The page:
Schaefer agenda is gutted Legislators stymie main proposals as session closes

April 12, 1994|By John W. Frece and Marina Sarris | John W. Frece and Marina Sarris,Sun Staff Writers Sun staff writers Frank Langfitt, John A. Morris and Robert Timberg contributed to this article.

Maryland lawmakers, cautious throughout this election-year session, played it safe to the end last night, passing a bill to get tougher on violent criminals but killing or watering down virtually every other important measure that might offend one interest group or another.

Showing no mercy for Gov. William Donald Schaefer in his final legislative session, the lawmakers killed three of his major proposals: bills to regulate gambling, to raise the tax on cigarettes and to speed up the death penalty appeals process.

They also weakened two others: his proposal to reform the welfare system, and a measure to deal with the lead paint poisoning problem in old houses in Baltimore and elsewhere in the state.

Less than two hours before their midnight adjournment, hopelessly deadlocked House and Senate conferees ripped from the welfare bill a contentious provision to penalize welfare mothers who have additional children while on public assistance. Stripped with it was a measure to lift restrictions on when the state's Medicaid program may pay for abortions for poor women.

Key House and Senate members worked most of the final day to strengthen other parts of the welfare measure, which they passed with about two minutes left in the session. But the administration wasn't happy.

"You don't have a bill of substance without a family cap. . . . You're modifying some things, maybe putting a Band-Aid on," state Human Resources Secretary Carolyn W. Colvin said in a rare personal plea before the six-member conference committee.

The welfare bill as approved by the legislature still creates a pilot program for selected applicants in Baltimore City and Anne Arundel and Prince George's counties. This provision is similar to legislation President Clinton has promised to deliver to Congress this spring in that it expands job training for persons on welfare and requires those still unemployed after 18 months to join a work program.

Last night, Ms. Colvin left open the possibility that the Schaefer administration might seek a federal waiver to institute the family cap even though the legislature disapproved of the idea.

Another administration bill to limit the liability of landlords in lead-paint poisoning suits in exchange for their renovation of older rental units was approved last night after being weakened by amendments favoring the landlords. One reduced potential fines against them from $5,000 to $250, and another gives them more time to repair problems that expose children to lead paint poisoning.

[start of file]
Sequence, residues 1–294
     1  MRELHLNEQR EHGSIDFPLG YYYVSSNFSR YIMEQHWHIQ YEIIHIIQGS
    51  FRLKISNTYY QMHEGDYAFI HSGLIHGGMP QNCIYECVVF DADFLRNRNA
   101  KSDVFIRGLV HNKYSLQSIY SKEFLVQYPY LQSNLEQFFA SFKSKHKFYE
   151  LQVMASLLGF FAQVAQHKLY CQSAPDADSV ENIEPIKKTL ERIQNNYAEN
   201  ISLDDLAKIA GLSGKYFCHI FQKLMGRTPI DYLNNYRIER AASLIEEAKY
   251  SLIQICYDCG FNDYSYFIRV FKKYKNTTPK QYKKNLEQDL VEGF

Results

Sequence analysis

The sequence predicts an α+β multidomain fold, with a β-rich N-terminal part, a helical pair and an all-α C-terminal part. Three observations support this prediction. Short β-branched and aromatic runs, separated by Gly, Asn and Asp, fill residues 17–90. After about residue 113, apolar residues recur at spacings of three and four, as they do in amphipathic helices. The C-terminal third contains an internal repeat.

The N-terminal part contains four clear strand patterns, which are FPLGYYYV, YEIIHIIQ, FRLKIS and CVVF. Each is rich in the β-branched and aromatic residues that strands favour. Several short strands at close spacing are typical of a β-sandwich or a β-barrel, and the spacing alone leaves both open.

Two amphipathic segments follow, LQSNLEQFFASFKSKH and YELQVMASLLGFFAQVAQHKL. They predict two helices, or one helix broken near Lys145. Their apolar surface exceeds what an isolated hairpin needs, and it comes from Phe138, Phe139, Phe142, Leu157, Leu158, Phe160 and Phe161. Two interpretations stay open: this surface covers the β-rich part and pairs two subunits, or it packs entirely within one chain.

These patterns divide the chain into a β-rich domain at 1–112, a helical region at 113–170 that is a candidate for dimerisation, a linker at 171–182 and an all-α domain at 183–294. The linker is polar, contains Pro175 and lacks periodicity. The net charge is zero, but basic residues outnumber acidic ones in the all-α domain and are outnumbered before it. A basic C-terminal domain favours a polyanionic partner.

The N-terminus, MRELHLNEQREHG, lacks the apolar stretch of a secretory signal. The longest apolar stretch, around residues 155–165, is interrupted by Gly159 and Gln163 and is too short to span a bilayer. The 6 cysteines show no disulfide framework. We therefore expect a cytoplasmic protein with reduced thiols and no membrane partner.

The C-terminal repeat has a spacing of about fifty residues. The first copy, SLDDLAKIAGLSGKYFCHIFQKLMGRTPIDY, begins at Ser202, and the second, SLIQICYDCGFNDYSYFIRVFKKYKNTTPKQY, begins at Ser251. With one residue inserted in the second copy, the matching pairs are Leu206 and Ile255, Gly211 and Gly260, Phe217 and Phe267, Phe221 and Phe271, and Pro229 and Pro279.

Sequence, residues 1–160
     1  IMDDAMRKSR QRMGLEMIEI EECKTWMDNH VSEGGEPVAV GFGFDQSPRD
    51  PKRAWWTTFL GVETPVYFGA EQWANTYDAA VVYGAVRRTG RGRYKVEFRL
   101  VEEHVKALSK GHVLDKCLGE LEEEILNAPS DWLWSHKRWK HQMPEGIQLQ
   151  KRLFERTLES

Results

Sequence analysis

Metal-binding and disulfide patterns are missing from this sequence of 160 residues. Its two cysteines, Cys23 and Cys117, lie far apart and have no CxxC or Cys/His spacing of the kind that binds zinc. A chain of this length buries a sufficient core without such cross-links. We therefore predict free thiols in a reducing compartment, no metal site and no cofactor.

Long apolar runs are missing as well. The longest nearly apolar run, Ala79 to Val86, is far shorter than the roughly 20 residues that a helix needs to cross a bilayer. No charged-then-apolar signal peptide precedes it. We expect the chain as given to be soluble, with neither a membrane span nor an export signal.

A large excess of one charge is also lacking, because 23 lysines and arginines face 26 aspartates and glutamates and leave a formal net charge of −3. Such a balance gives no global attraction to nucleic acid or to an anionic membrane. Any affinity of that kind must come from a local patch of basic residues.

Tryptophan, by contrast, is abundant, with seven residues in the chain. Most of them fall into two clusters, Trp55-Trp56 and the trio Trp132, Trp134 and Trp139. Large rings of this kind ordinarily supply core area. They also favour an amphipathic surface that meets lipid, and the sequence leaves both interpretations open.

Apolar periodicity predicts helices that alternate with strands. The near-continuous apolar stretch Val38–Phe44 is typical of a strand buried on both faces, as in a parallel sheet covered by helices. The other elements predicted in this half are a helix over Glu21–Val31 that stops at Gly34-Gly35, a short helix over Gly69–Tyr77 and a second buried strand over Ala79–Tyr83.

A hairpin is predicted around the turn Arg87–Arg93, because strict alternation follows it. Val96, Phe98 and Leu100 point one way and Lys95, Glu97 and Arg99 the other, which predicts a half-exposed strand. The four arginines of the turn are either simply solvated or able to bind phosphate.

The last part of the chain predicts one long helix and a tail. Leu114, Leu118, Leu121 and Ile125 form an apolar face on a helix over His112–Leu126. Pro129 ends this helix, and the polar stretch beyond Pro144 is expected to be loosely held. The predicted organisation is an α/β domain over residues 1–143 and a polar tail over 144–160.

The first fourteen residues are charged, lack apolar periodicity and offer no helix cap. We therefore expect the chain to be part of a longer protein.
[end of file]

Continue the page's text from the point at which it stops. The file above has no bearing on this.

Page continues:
Last night marked the end of a session in which the General Assembly enacted no new taxes or fees, gave the state's 80,000 employees their first pay raise in three years (3 percent or $800, whichever is greater), banned the sale of 18 assault pistols and set aside more than $100 million to build schools.

Midway in the final 14-hour day, a separate group of negotiators reached agreement on legislation to require violent offenders to serve at least half of their sentence before they could be paroled, rather than the current one-fourth. State officials have said about 500 of Maryland's 20,000 inmates would remain in prison longer.

The measure -- later approved by both houses -- also attempts to make Maryland's parole commissioners accountable for their decisions by forcing them to open parole hearings if requested by the victim.

The legislation also contains a new two-time-loser provision requiring criminals to receive a minimum mandatory 10-year sentence on their second conviction for a violent crime.

The changes would be expected to add an estimated $29 million a year to state prison costs, and require construction of a $92 million prison by 1998. But Sen. Nancy L. Murphy, the Baltimore County Democrat who sponsored the bill, said the state has little choice. "I think the public wants protection from crime and they don't mind paying for it."

Other measures

On a different issue that pitted trial lawyers against doctors, the lawyers scored a big victory last night when senators and delegates agreed to place a $500,000 cap on jury awards in all future wrongful death and personal injury cases, with a maximum aggregate award to all plaintiffs in such cases of $750,000.

Doctors were worried about potentially huge medical malpractice claims without a cap on wrongful death cases, but ** lobbyists complained the new limit will still force malpractice premiums up as much as 30 percent or 35 percent.

Legislation to establish a statewide commission to license and regulate slot machines, tip jars, casino nights and other forms of legal gambling by veterans groups, fraternal clubs and volunteer fire companies was defeated by the Senate's Judicial Proceedings Committee yesterday morning before the full House and Senate had even convened.

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